When and How to Use Minimalism in Website Design

Let’s first get a misconception about minimalism out of the way. Just because there’s less to see doesn’t mean it’s easier. In fact, it is quite the opposite. The less you have, the more time you need to spend to make sure each element you have is right on the money.

After all, if you’ve got a crowded interface then if something is aligned slightly left of center, or a font that isn’t quite optimal for what you’re using, it will probably not even get noticed among the other details.

That won’t be true if you’re using a minimalistic web design, however, as there is nothing for your mistake or poor choice to hide behind. They’ll stand out in glaring detail – like a neon sign on a Japanese house. What that means is that if you’re just trying to throw a page together, minimalism is not the way to go. Minimalism is for the perfectionists, the obsessive-compulsive, the laser focused, stay-up-till –three-in-the-morning-to-get-that-title-just-right kind of web designer. If that’s not you then it’s not for you.

If it is then read on, read on! Down the rabbit hole we go.

Negative Space

Negative Space

Let’s begin by looking at what a minimalist website will have the most of – negative space, though you might know it as ‘the background’. Except, of course, that in minimalist design it isn’t ‘back’ at all. Instead, it is front and center, where it plays a vital role, in that it manipulates the user’s visual flow.

The power of negative space is that the more you have of it, the more whatever else you’ve got on the page will pop. This is why industrial designers will often use minimalist layouts. That way their products instead of fading into everything else will get the attention that they’re looking for. And as that is what they’re trying to sell or at least display that makes this approach highly appealing to them and anybody else who have got static objects to show, like interior designers and photographers.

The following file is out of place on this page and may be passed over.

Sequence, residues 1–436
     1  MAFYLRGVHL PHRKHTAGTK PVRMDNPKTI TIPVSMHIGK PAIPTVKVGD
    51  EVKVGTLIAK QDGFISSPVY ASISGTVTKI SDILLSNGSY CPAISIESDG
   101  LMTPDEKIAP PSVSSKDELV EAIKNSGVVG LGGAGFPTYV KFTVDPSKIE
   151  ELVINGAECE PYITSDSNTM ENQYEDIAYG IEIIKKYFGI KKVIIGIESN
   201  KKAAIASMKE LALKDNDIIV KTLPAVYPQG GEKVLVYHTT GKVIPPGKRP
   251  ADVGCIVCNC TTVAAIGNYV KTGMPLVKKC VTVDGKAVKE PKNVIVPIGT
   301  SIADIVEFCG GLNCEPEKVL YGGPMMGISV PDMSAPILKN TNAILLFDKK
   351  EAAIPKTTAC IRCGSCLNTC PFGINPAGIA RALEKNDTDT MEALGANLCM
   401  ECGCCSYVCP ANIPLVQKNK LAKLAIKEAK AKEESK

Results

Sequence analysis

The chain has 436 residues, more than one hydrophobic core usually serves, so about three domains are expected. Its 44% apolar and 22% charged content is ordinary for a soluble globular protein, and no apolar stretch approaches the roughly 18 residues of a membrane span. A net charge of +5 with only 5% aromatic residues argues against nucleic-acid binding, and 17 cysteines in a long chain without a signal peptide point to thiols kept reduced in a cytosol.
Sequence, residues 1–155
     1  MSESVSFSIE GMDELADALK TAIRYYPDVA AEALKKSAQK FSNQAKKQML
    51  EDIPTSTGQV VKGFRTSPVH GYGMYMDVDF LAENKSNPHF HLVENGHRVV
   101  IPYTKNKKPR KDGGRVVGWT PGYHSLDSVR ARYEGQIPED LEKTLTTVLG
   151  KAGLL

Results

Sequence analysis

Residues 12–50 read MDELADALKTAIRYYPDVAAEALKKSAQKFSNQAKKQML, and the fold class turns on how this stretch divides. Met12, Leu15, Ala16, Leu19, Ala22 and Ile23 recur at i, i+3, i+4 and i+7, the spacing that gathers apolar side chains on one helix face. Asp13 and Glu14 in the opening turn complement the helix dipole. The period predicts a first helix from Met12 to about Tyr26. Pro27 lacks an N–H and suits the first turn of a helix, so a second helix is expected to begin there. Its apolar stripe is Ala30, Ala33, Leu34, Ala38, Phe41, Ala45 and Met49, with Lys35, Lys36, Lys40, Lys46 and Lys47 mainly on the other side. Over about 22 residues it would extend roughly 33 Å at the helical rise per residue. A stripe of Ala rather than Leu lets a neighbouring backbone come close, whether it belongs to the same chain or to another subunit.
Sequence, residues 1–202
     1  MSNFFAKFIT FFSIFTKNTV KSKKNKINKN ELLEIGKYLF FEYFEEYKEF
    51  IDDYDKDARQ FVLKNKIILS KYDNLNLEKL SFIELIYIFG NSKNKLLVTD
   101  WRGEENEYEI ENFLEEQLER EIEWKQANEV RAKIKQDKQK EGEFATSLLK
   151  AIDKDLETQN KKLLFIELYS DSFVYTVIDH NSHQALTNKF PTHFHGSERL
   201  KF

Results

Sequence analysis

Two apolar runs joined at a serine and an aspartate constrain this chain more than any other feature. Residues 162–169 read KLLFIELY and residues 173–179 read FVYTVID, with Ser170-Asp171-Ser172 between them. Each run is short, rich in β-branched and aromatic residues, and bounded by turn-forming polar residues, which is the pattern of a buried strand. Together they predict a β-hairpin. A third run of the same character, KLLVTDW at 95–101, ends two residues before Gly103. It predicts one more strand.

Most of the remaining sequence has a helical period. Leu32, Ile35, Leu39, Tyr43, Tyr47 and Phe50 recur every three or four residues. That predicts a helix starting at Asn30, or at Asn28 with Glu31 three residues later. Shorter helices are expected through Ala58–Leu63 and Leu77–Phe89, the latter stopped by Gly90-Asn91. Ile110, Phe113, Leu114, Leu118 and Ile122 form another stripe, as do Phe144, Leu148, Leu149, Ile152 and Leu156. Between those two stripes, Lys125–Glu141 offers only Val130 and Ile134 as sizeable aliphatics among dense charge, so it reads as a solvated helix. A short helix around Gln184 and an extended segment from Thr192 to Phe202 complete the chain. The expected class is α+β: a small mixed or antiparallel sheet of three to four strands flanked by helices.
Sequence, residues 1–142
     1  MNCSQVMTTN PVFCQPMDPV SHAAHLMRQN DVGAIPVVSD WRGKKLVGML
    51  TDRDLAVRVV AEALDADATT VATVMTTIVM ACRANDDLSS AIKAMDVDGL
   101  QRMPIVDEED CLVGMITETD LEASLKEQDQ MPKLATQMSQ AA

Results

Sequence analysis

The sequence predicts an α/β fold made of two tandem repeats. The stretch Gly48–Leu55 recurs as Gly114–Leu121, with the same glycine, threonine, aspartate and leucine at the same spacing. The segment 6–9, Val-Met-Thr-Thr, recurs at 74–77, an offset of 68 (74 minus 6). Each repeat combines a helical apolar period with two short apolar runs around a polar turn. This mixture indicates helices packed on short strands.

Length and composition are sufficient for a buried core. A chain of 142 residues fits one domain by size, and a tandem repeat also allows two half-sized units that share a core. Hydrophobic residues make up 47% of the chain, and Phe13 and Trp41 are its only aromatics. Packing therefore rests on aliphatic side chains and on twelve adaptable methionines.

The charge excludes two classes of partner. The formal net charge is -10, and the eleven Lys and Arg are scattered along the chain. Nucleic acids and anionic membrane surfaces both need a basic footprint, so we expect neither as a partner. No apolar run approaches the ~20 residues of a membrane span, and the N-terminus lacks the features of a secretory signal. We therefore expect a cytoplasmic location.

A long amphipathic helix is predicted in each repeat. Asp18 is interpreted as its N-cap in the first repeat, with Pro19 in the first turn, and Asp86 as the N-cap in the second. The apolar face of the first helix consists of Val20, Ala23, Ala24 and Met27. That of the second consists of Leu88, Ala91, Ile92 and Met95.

Negative space can be a powerful tool to create an oasis of calmness, as well as to make users not feel overwhelmed. This is why spas and wellness centers often choose for this type of layout.

Note that negative space does not mean there is nothing there. Obviously, space has to be filled with something and though white is an obvious choice it is far from the only one. What is more, different colors have completely different effects on users, so make sure you spend some time doing the research. One thing I’d like to point out is that you don’t choose an over-saturated color. This is a basic mistake that many first-time designers make. The problem is that it can be quite painful to users, which therefore renders one of the big advantages of minimalism null and void.

Photos

Photos

If just one color is too much of a good thing, there is, of course, the option to go for a photo of some kind. Of course, if you do choose an image, make certain that is sticks with the spirit of minimalism that you’re going for. The picture needs to not be too busy.

I mean that in two ways.

  1. Obviously, make certain the photo is not overly cluttered with objects or people, as this will defeat the entire purpose of your minimalist design.
  2. That isn’t enough, however, as the implication of rapid movement or danger is just as capable of drawing the eye to the image and away from the main element that you’re trying to display. In fact, even the display of a negative emotion can distract people from what you really want them to focus on.

For this reason, when surfing through minimalist websites, you’ll see a lot of photos with very neutral and static backgrounds. Here are some great examples.

Typography

Typography

You can cut a lot of things from your minimalist page, like a menu bar, social media buttons, and ads, but one thing you cannot do without is words. Eventually, you’re going to need some. But how do you present them? You should consider very carefully what font you decide to use (and if you decide to make your own), especially seeing as different fonts will evoke different emotions and different states of mind.